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When coding C#, you need to use f for timeScale

Michelle Mannering
Developer Relations | Hackathon Queen | Community Manager
・2 min read

When working with C#, I found out you can't use seconds for time. Why? I have no idea! Well I had no idea. If you want to slow things down or speed things up, surely you use actual time right?

At first when I tried to code this up, I wasn't using any units. I did however try "s" for seconds which didn't work. I tried it without units, and then I discovered you need to use "f". So I plugged it into my code, and presto!

It works! I love it when things just work. So what's the logic here?

When I was making my character move faster, I simply used 2.0. There was no need to add any units. Same for when my character was running in real-time. I only needed 1.0, no units required. But when working with decimals, it's different.

TimeScale in Unity

For timing you can use decimal points and 0.X in order to slow down the movement of your character by fractions. However when working in decimal points, you need to add the f. F stands for frames. For example, 0.5f means the movement will go at half the real-time (or normal) speed. Normal speed is 1.0 (note you don't need the f although it's good practice to add it anyway).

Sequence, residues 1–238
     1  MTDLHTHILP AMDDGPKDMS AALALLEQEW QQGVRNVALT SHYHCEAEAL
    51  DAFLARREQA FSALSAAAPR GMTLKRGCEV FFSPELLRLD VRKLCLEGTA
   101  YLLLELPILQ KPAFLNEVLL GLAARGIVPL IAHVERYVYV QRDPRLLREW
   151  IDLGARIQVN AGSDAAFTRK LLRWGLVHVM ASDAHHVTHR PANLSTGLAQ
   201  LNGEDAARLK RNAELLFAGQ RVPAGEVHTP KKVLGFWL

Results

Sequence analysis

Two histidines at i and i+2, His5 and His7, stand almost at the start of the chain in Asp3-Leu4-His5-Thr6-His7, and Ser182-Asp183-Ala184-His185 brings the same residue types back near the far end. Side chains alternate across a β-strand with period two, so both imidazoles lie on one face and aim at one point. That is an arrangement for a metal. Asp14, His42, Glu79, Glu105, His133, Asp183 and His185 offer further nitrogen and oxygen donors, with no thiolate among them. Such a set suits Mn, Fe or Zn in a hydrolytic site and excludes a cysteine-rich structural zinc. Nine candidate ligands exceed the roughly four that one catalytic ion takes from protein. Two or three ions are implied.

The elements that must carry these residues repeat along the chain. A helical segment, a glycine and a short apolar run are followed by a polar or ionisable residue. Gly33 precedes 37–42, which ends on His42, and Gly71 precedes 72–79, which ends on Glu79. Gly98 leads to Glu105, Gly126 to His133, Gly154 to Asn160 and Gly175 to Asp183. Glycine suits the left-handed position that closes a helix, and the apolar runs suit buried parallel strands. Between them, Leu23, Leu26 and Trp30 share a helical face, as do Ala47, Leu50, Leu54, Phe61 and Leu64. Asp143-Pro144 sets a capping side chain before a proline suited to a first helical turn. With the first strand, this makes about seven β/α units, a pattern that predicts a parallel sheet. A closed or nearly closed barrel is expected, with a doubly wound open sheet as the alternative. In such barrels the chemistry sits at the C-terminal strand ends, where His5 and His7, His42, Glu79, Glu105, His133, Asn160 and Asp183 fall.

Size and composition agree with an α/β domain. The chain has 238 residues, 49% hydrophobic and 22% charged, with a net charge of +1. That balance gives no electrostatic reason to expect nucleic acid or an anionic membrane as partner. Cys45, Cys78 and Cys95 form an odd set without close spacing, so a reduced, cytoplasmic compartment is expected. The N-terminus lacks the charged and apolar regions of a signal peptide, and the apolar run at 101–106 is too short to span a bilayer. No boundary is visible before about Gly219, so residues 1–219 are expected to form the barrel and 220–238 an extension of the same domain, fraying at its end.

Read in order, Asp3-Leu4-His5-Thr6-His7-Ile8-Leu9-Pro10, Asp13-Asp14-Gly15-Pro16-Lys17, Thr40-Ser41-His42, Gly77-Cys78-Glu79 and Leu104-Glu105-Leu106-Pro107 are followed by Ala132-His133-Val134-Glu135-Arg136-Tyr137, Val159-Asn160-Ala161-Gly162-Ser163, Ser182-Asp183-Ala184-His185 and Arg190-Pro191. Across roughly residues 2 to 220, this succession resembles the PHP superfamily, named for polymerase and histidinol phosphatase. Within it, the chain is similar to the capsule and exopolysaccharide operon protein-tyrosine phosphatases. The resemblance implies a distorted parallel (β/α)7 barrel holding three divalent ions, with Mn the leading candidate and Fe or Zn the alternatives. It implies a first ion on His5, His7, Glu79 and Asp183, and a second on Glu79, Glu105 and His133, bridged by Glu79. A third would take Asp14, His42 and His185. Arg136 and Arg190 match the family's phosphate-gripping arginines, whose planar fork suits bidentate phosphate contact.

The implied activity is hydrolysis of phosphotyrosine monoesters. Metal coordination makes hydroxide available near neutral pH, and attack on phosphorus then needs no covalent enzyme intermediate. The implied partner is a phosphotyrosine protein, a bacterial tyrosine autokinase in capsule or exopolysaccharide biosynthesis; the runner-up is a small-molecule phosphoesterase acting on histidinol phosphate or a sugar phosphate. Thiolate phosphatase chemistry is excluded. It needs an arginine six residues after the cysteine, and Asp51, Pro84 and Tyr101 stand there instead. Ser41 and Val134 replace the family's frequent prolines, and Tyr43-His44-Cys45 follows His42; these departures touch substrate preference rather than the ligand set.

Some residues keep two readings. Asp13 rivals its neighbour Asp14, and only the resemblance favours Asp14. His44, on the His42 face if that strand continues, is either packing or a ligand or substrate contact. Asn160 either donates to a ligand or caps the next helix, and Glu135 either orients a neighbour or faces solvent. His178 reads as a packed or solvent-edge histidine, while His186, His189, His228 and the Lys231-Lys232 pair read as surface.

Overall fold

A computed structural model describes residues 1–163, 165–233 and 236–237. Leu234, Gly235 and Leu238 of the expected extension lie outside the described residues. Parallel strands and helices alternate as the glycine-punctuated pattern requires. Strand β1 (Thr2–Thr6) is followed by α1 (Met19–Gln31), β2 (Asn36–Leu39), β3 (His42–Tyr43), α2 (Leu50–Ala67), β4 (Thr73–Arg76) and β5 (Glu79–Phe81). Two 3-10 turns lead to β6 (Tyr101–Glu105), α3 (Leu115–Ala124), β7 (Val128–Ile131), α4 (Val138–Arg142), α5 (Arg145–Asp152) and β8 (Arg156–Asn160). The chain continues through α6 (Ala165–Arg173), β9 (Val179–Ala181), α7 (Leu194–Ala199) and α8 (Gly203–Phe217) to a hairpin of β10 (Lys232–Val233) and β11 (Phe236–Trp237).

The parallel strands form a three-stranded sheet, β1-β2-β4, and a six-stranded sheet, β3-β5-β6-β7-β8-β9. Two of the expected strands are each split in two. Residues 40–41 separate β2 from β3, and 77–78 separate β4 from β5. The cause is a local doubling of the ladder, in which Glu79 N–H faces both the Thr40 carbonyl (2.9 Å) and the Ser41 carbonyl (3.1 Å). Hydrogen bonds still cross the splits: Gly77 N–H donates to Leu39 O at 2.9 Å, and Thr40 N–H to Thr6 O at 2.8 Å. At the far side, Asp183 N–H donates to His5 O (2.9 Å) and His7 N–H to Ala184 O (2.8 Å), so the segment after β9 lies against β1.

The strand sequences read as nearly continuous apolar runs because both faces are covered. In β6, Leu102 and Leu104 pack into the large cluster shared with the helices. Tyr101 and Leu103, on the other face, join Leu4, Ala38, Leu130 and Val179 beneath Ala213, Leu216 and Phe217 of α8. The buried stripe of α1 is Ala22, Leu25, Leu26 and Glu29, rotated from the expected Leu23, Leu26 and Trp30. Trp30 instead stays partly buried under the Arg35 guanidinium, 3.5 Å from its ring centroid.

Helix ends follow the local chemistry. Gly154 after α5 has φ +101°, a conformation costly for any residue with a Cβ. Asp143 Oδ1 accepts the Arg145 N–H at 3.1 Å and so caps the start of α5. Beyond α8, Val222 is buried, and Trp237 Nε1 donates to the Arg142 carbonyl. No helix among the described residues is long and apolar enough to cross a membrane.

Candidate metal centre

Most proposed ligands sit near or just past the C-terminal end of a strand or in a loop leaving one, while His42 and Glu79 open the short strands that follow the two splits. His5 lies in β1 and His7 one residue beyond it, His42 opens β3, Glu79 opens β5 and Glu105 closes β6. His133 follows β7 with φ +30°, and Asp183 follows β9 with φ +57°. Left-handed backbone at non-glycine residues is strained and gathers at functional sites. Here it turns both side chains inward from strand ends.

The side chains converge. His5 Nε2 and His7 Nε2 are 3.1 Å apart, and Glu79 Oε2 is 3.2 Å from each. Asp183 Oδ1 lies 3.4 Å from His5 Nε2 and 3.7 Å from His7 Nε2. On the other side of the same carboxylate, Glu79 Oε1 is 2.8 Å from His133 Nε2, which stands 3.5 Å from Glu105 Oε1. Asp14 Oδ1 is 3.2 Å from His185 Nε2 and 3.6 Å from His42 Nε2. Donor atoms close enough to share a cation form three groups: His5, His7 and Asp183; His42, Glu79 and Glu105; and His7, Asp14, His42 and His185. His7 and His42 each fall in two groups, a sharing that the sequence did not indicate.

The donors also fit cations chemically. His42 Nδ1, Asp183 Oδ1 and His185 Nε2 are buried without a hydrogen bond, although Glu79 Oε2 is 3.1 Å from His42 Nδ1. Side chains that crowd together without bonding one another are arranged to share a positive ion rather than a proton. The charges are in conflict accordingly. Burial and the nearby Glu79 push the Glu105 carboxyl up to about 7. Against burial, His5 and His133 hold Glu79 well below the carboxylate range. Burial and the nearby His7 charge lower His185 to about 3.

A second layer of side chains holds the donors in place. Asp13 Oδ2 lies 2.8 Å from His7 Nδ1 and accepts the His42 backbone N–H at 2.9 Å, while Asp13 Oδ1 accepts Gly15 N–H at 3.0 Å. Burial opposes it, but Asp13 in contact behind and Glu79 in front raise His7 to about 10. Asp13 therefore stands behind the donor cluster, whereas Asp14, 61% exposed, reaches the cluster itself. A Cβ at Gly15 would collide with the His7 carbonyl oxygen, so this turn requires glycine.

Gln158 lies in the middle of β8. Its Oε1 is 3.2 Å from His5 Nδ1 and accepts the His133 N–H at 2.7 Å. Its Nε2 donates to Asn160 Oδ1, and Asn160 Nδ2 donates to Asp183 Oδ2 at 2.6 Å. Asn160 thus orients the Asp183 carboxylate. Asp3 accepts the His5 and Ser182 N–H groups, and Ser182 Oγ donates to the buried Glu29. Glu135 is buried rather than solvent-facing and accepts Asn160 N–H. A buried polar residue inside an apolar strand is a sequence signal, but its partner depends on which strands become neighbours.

0.25f is a quarter of real-time speed. The reason time doesn't work in seconds is because Unity and C# use delta time according to a timescale rather than a single point in time. It's relative. This is magical, because you can fix the time based on another frame rate. It's really awesome and perfect for gaming ie. something happens after something else happens; a spell in Elder Scrolls Online occurring X time after being hit as an example.

If you want to read more about Unity's TimeScale check out the Unity Docs. I am really loving learning all things Unity and C# and can't wait until I finish the Unity C# Survival Guide.

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Discussion (1)

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Jay Jeckel

The f is called a literal suffix and it doesn't mean "frame" it means float and it tells the compiler to treat the number literal as a float type. You have to use the f suffix because Time.timeScale is a float typed variable and double type literals can't be automatically converted to float.

// Works, because 1 is an int and int auto-casts
// to float because float is bigger than int.
Time.timeScale = 1;

// Doesn't work, because 1.0 is a double and double
// won't auto-cast to float since float is smaller than double.
Time.timeScale = 1.0;

// Works, because 1.0f is a float and doesn't need to be cast.
Time.timeScale = 1.0f;

// Works, despite 1.0 being a double because we are
// explicitly casting it to a float.
Time.timeScale = (float)1.0;
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It has nothing to do with Unity, units, or time scales, it's just basic operation of a strongly typed language.